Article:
Pakistan Rangers take control of Islamabad sit-in area after clashes kill six
The Pakistan Rangers took control of the area occupied by anti-blasphemy protesters in Islamabad on Sunday while police and the Frontier Corps personnel were deployed in other parts of the city, Radio Pakistan reported, as peace gradually returned to the capital and other cities after a day of violent clashes left at least six people dead.
The paramilitary forces moved in as the law and order situation deteriorated when police clashed with the radical Islamist protesters who had been blocking key highways in Islamabad for over two weeks, demanding the resignation of the law minister.
Though security personnel deployed around the venue of the sit-in vastly outnumbered the protestors, weak planning on the part of the authorities and guerilla tactics from the demonstrators helped turn the tables on law enforcement personnel.
The Rangers also cordoned off the IJP Road, Expressway, Murree Road and the Faisal Avenue, the main thoroughfares of Islamabad, giving the impression that the force has taken over the city, local media reported.
Protesters remained at the sit-in site on the outskirts of Islamabad in defiance of the government action a day earlier. There is no traffic movement in the area of I-8 and Faizabad that border Islamabad’s twin city of Rawalpindi.
Earlier in the day, there were clashes between the protestors and law enforcement, with at least one car and five motorcycles set on fire. Islamabad police used tear gas to disperse the mob.
Some normalcy returned to intercity travel as the government opened the M1 motorway leading to Islamabad from Peshawar. However, Motorway M2 near Chakri and Pindi Bhattian was closed for travellers.
The country’s top military and civilian leadership held a meeting on Sunday as the army chief Gen Qamar Bajwa cut short a trip to UAE and returned home.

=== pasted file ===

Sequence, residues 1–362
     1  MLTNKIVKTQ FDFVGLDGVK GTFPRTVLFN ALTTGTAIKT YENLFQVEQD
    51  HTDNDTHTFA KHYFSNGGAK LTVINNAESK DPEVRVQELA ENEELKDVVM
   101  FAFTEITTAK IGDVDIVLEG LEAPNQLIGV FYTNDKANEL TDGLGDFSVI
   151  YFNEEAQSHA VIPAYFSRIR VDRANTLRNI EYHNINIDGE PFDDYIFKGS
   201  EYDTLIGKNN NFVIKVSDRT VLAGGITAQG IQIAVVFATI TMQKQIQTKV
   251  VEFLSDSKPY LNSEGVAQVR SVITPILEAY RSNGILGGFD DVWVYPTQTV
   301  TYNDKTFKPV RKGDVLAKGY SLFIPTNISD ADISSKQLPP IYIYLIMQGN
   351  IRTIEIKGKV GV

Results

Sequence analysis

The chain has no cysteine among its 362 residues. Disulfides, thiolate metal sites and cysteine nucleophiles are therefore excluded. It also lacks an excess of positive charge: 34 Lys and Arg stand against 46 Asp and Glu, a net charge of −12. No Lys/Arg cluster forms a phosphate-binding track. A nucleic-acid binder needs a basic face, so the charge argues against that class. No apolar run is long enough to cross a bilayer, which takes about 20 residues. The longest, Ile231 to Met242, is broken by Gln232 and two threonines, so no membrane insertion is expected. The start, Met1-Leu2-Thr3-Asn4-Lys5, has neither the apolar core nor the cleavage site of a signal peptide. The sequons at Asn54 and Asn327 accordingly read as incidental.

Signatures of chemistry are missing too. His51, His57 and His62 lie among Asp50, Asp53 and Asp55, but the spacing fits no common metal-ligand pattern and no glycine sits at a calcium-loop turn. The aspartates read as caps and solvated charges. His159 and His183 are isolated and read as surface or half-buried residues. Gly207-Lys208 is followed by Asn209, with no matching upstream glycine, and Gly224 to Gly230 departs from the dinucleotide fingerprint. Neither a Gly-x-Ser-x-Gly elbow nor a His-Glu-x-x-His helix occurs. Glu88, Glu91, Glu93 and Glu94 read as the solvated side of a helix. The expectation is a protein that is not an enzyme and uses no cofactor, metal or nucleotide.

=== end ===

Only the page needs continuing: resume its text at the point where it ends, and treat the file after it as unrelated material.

Prime Minister Shahid Khaqan Abbasi chaired a consultative meeting on the Faizabad operation, which was attended by Gen Bajwa, director general of Interservices Intelligence Naveed Mukhtar, Punjab chief minister Shehbaz Sharif and interior minister Ahsan Iqbal.
The role of the army came under discussion but so far the military has stayed away from the issue.
Hours after the government called the army for help, the General Headquarters asked for ‘clarifications’ on a few matters before they stepped in.
In a statement, the army noted that the police have not been “optimally utilised” while dealing with the protesters belonging to the newly formed organisation Tehreek-e-Labbaik.
It said the Rangers have not been given written instructions for their deployment in contrast to the agreement that such an order would be required. Citing the Islamabad High Court order, the statement also said that the court had barred the use of firearms against the protestors and calling the army implies the use of force. The statement then asked for a clarification on these matters.
The army chief had called on the prime minister on Saturday to advise him against the use of power on the protestors.
In a tweet, Maj-Gen Asif Ghafoor, the chief of Pakistan Army’s public relations wing, had said that violence would be against national interest, and quoted Gen Bajwa as saying that the issue should be resolved peacefully.
The Punjab government has also ordered all educational institutions to remain closed for the next two days owing to the law and order situation in the province.
The Pakistan Goods Transporters Association has complained that police and administration have seized a number of containers from its members. Police seized containers across Punjab to create blockades to prevent protests.
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